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A Practical Treatise




As Infant Schools are increasing in number, and as there is considerable difficulty in organizing them, the author thinks that he may usefully occupy a small portion of this small work in giving such information upon this matter as his own experience has furnished him with. He wishes to help masters situated as he was when he entered upon his present situation; and he thinks that to such, an account of the difficulties he met with, and of the means by which, under God, he was enabled to surmount them, and to organize and conduct the school which he has now the happiness to superintend, may not be less interesting than useful.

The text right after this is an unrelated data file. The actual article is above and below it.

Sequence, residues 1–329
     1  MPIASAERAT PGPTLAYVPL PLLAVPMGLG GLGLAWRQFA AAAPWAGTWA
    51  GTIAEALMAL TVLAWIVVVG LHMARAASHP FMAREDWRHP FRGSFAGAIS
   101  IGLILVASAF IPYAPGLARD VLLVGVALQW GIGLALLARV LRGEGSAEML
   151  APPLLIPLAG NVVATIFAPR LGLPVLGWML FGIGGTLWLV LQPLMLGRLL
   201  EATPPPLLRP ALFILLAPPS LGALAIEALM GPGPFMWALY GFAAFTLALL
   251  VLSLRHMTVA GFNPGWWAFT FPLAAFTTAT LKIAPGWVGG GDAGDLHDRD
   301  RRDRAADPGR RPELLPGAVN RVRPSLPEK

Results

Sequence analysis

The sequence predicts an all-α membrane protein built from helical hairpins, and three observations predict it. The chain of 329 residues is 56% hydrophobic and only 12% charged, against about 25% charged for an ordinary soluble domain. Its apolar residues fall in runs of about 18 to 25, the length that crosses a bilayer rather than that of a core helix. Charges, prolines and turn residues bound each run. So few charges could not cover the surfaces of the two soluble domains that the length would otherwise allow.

He would here observe that he never saw an Infant School till he saw one well organized; and therefore knew very little about a plan, or about the means by which such organization was effecteda disadvantage common in the present day (wherein Infant Education is still only beginning) to those who are engaged in it. But having been instructed in one particular-to him a grand and delightful one-every thing else seemed to follow as a matter of course. He felt that he was called to an important duty, which, of himself, he found that he was utterly incapable of discharging; and when he saw that it was nothing less than to instruct the immortal mind, he was constrained to say-" Who is sufficient for these things?" The answer was soon discovered to be" He with whom all things are possible, and only He." Acting upon this discovery, he was shorn of his own strength; and confiding himself to that which is divine, became strong indeed. It will be perceived from this statement that his duty simply was-Prayer, and dependance upon God-nor does he think that any master or agent in an Infant School can be fit for the situation he occupies, if he does not act in the same spirit. Having distinctly stated this fundamental and all-important truth, he proceeds to the mention of minor particulars.